The pandemic has been brutal on everyone, but it’s been the hardest on the children. Kids need a stimulating and structured environment to thrive in an educational setting, and they have not been given that setting in over a year now. While they’re great at adapting, staying focused on virtual learning will always be difficult.
Now that an entire year of virtual learning has passed, teachers and parents have come up with a few tips and tricks to keep kids focused on school during the day. Some of these ideas could work so well that you’ll continue using them once in-school learning is back in action!
Introducing brain breaks throughout the day can help your child get in the right headspace to learn and focus on school. You can give your child brain breaks throughout the day, but you want to make sure to get them in after lunch, physical activity, or a break like recess. After major stimulation, like after a non-structured break like recess, your child needs to refocus.
That’s the purpose of a brain break. It shouldn’t act like another lunch break. It should be structured physical movement like light stretching, shaking it out, or Simon Says. It can also be calming or breathing exercises. Make taking brain breaks a habit. When they have a break for lunch or anything else while they’re at home, end it five to ten minutes early so they can take their brain break and get back in the zone before class starts.
Preparing a daily checklist or to-do list that resets every day can help your child reach their academic goals. It will help keep them on track by showing them exactly what needs to get done that day. Lists also help release a lot of stress that comes with having a non-structured day.
Lists also allow them to feel like they have control over their day when they can choose the order in which some of the tasks get done. Your child can’t control the school day and virtual learning, but they can have some input about what happens before and after school.
Use A Timer
As you’re going through that checklist or your daily activities, use a kitchen timer to track the activity. Tell your child exactly how long they need to focus on that activity and set the timer. Using a timer does two things.
First, it will prevent your kid from worrying about whether the time is up or if they can stop because they will have a physical representation of the time independent from their parent. Second, it will keep the two of you accountable for how much time you’re spending on each task.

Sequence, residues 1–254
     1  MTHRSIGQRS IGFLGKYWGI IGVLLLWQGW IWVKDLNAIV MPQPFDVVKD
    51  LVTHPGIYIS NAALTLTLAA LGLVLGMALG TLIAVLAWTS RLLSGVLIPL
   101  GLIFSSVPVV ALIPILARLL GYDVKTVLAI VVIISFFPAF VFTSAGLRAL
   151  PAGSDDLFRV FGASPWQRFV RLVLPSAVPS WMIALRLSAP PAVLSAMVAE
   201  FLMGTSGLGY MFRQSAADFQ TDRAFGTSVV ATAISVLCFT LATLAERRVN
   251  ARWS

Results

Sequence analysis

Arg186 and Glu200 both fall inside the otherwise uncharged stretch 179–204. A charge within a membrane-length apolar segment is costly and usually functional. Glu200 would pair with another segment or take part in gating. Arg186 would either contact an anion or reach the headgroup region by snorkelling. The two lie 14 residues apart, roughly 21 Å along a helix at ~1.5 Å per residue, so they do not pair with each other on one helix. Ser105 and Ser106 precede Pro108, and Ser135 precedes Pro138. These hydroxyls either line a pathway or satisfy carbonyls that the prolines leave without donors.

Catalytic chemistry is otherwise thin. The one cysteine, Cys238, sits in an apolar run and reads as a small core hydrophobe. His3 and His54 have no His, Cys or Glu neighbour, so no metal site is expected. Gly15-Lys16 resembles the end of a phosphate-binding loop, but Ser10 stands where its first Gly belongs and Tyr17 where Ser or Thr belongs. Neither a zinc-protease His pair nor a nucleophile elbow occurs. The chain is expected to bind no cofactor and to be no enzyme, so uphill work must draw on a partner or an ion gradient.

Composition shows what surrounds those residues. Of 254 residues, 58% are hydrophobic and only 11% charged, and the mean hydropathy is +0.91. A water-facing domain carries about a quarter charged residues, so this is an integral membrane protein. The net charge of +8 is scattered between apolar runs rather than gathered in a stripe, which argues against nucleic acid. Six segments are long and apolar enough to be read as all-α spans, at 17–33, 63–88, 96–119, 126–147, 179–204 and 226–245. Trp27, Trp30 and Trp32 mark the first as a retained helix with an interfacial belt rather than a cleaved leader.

After a while, you’ll have a better understanding of how quickly your child loses focus. You’ll also be able to tell what tasks grab their attention and what they lose focus on quickly. That will be a great help when you’re finding activities that will help keep them on task.
If you’re lucky enough to have any control in your kid’s school day, try to incorporate interactive activities. If you can’t do it during the day, try adding activities to their homework time. Make math practice physical by showing them how to add and subtract using objects instead of numbers. Do a science experiment with them to keep them engaged or read out loud to them. Twenty minutes of engagement can lead to a few hours of focus.
Use the topic or subject that your child is learning to create a connection in your own life. Forming connections from the material to the real world will make them care about the subject more, increase their focus, and help them absorb the information.
This is also an excellent chance to use this time to create a deeper connection between you and your child. Sure, they’re doing virtual learning for school, but when they see how interested you are and how much you care, they’ll care too.
Connect With The Teacher
If you notice your child is having difficulty focusing on the task at hand or the material, you should check in with the teacher to see what you can do. Ask them what you can do to help improve your child’s focus. They might have great activities or ideas for you to try outside of the classroom and on breaks.
They can also give you information on setting your child up for success before school and how to improve their virtual learning environment. Ask them for any recommendations on interactive activities and any advice they are willing to share. They’ve been doing virtual learning for a while now. They probably have some great tips!
Eating the right food and getting a good night’s sleep can profoundly impact how your child performs while virtual learning. A tired and distracted kid will lose focus quickly, and when they are focused, they will not retain much information. Fuel them with a full eight hours of sleep and nutritious foods to keep them on task all day long.
Your child can’t know if they’re doing a good job if you don’t tell them, so don’t be shy when it comes to giving them praise and positive reinforcement. Compliment them when they do well or get a correct answer and provide them with praise when you can see they’re trying their best.
A lack of focus can stem from when a child is tired or about to give up emotionally or mentally. Nothing matters more to a child than having a solid support system. Encouraging words can boost a child’s confidence and have a positive impact on their level of focus.
Test out these different techniques and mix them together. Every child learns differently, so you need to find the right combination of tricks to use for your child. It doesn’t happen overnight, but as long as your child stays focused, that’s all that matters.